Dismissing the Ministry of Justice’s statement that former president Chen Shui-bian (陳水扁) will have an exclusive 243 ping (803m2) area in Taichung Prison’s Pei Teh Hospital, Democratic Progressive Party (DPP) Chairman Su Tseng-chang (蘇貞昌) yesterday quoted Chen as saying that what he really needs is medical care.
“It means nothing even if the entire Taichung Prison was at my disposal, because what I desperately need is medical care,” Su quoted Chen as saying after visiting the former president.
Su quoted Chen as saying that he originally held high hopes for being granted medical parole or home-based convalescence given the diagnosis of his ailments at Taipei Veterans General Hospital.
Chen has been diagnosed with severe depression, sleep apnea, non-typical Parkinson’s disease, a speech disorder and mild cerebral atrophy.
The DPP said that as Pei Teh only had a support group of physicians from the Taichung Veterans General Hospital and the China Medical University Hospital, and lacked a professional medical team of its own, the choice of hospital could pose a problem for the former president.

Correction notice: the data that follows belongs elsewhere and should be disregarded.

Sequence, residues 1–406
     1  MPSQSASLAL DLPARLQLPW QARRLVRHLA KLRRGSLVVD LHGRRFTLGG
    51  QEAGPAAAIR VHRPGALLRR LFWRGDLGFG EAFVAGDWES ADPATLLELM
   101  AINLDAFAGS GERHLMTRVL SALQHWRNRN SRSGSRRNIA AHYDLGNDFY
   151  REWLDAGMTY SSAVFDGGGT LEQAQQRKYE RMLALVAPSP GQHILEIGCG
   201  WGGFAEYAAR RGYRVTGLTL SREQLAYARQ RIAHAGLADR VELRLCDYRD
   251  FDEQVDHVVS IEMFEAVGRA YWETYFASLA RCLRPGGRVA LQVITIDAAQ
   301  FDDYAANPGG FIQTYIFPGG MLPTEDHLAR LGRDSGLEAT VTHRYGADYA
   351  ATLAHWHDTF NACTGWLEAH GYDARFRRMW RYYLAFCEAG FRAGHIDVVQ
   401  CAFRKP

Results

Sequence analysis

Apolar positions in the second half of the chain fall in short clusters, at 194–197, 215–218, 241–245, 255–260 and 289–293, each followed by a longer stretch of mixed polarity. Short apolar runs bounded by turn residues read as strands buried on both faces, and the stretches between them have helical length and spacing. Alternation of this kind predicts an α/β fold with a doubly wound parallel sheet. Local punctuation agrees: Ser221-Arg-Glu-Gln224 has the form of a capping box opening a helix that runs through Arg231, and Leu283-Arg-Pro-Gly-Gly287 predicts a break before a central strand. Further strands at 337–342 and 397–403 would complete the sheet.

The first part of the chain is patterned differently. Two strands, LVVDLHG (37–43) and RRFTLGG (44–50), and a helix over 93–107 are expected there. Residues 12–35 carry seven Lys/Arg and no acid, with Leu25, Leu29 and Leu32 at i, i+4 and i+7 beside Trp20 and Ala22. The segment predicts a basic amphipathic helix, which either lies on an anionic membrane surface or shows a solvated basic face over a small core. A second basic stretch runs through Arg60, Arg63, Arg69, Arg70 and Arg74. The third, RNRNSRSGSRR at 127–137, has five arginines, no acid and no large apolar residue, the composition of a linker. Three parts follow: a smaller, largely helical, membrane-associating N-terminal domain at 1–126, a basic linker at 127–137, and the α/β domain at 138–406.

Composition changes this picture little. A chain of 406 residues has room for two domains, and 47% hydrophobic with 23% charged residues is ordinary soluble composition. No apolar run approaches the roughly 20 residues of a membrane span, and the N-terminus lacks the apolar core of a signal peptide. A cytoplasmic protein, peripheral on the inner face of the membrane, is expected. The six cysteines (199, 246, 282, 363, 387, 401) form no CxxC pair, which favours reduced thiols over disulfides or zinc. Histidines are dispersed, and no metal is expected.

It was incomprehensible that President Ma Ying-jeou (馬英九) had turned down an opportunity to facilitate social harmony and instead allowed the ministry to make a judgement that went against the professional medical opinion that Chen would be better looked after at home, Su said.
“The DPP will continue exploring substantial ways to assist the former president,” Su added.
Meanwhile, the Washington-based Formosan Association for Public Affairs on Friday urged US President Barack Obama and the US Congress to express their “deepest concerns” about the latest developments concerning Chen.
The way the transfer was implemented flies in the face of norms and standards in a democratic country, the association said in a statement.
US Congressman Robert Andrews also wrote a letter to US Secretary of State John Kerry saying the US “must clearly express itself in favor of a medical parole on humanitarian grounds.”